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by Travis Whitsitt | April 04, 2022


The big story in the 2023 rankings is, of course, Harvard dropping out of the top three. US News advertised a change in methods in advance, and it's worth looking at what they told us and how that might be impacting the rankings. The big changes both this year and in recent years are as follows:

1) The significance of a school's first-time bar passage rate was increased substantially from the last set of rankings.

2) For the last two years, rankings have increased their emphasis on the debt load incurred by a school's graduates.

3) A significant decrease in the weight given to a school's library resources and operations.

Our friends at Above The Law unearthed some significant numbers by which UChicago handily outperforms Harvard on these metrics. Compared to 71.2% of Harvard law grads, only 61.3% of UChicago JDs finished their educations with student loan debt. UChicago also outperforms Harvard in terms of relevant employment, with a gap of 94.6% vs. 88.1% at graduation, and 95.1% vs. 91.8% 10 months on. These factors together suggest that, while Harvard is hardly a bad investment, UChicago is simply a better one in terms of employment bang for your student debt buck (or lack thereof).

There were lots of interesting shuffles in the rest of the Top 50 as well. Brigham Young jumped six ranks, George Mason jumped eleven, Ohio State jumped ten, William & Mary jumped five, Texas A&M jumped seven, and Wisconsin *dropped* by fourteen. Do the new metrics account for all of that? Likely yes, in our view.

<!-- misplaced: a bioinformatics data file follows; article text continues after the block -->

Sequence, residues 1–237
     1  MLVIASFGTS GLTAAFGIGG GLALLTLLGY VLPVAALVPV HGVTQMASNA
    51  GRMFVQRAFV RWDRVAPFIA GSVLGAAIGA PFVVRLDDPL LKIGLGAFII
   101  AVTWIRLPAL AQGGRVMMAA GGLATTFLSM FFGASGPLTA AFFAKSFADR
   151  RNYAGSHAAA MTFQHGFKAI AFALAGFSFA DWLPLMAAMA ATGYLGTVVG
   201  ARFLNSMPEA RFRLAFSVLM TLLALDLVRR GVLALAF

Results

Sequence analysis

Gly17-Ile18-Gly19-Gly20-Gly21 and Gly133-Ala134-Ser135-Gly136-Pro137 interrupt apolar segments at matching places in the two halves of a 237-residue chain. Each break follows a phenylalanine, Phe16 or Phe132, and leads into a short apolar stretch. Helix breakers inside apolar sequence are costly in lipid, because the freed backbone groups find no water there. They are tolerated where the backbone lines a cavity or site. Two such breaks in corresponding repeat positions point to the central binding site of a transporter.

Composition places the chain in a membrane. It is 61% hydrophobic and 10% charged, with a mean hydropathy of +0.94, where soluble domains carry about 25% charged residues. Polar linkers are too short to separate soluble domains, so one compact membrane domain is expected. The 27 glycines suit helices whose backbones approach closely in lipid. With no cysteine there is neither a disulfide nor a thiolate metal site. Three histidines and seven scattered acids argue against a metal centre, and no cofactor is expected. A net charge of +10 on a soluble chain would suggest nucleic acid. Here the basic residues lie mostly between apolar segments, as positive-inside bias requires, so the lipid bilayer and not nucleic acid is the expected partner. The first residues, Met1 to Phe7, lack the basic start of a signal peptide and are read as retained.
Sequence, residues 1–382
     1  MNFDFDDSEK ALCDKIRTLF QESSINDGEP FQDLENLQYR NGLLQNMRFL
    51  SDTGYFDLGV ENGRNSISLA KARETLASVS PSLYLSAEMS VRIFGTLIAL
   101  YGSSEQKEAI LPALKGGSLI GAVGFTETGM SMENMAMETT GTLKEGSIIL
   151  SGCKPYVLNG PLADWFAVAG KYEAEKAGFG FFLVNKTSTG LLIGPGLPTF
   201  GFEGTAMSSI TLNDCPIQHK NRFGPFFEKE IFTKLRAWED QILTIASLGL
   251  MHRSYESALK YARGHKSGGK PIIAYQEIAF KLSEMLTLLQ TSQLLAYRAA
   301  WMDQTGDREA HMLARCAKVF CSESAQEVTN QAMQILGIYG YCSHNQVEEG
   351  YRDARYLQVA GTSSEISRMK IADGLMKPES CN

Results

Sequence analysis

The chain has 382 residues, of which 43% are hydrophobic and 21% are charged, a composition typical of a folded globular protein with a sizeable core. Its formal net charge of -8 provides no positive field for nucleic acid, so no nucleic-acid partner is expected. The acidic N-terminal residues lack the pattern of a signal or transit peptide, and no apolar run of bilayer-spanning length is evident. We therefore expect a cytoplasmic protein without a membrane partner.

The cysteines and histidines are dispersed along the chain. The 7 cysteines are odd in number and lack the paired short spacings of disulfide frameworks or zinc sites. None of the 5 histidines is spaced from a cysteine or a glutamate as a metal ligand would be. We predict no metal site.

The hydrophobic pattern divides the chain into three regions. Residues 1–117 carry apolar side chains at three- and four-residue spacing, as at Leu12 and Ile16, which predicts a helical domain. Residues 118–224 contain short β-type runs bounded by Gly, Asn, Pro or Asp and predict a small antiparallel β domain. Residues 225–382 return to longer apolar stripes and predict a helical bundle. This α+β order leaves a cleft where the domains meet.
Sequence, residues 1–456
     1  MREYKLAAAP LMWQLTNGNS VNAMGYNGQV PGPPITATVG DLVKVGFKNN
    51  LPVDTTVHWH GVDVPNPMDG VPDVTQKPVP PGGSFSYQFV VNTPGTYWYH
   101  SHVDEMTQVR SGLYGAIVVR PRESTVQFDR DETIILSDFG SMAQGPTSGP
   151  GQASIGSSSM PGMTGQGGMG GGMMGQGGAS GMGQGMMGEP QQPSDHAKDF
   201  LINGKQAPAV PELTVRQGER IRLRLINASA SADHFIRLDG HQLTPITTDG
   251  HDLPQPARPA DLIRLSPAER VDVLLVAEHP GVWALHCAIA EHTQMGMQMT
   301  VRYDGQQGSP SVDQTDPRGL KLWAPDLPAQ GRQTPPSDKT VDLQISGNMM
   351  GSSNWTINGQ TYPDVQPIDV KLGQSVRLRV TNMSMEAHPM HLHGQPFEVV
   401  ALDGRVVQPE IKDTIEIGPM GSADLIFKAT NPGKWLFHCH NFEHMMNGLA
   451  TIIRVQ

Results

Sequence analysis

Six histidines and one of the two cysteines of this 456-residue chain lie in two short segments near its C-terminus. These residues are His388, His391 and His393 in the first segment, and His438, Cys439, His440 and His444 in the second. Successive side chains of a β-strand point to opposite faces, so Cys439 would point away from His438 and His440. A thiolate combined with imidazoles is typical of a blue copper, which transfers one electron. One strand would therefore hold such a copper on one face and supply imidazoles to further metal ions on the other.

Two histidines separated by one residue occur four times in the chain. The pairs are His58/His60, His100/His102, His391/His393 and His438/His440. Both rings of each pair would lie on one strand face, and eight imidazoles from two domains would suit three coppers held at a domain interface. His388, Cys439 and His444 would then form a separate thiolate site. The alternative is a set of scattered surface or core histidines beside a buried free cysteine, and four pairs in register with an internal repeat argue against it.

Brigham Young students, for starters, graduate with very, very little debt-tuition is super low (funded by those Mormon tithes) and the school is perennially at or near the very top of the debt-to-income ratio for its graduates. The income itself is lower, but the debt is tiny compared to its peers in the rankings. Of course, one has to live by the school's rather draconian Honor Code to take advantage, but it would certainly explain the jump if US News is emphasizing debt in its rankings.

George Mason's eleven-point jump in the rankings could be largely explained by the new emphasis on bar passage rates. The school had a whopping 95.27% passage rate in the year these rankings use, up double digits from their usual average. (Thanks again to Above The Law for those numbers).

More saliently, though, assuming the new methods do account for all these shifts, is that a good thing? Law school applications have dropped for the first time in recent memory over the last few years, as the public consciousness comes to grips with the idea that student debt isn't always worth taking on. There is little doubt in our minds that graduation debt and bar passage rate are far more practically salient to prospective students than library resources are. Further, peer reputation and lawyer and judge reputation are still the top two weighted metrics by *far,* and that isn't likely to change. We are glad to see the institution of law school being judged by more salient metrics, and we hope they focus harder on delivering real value to the students who pay so much (monetarily and otherwise) to attend.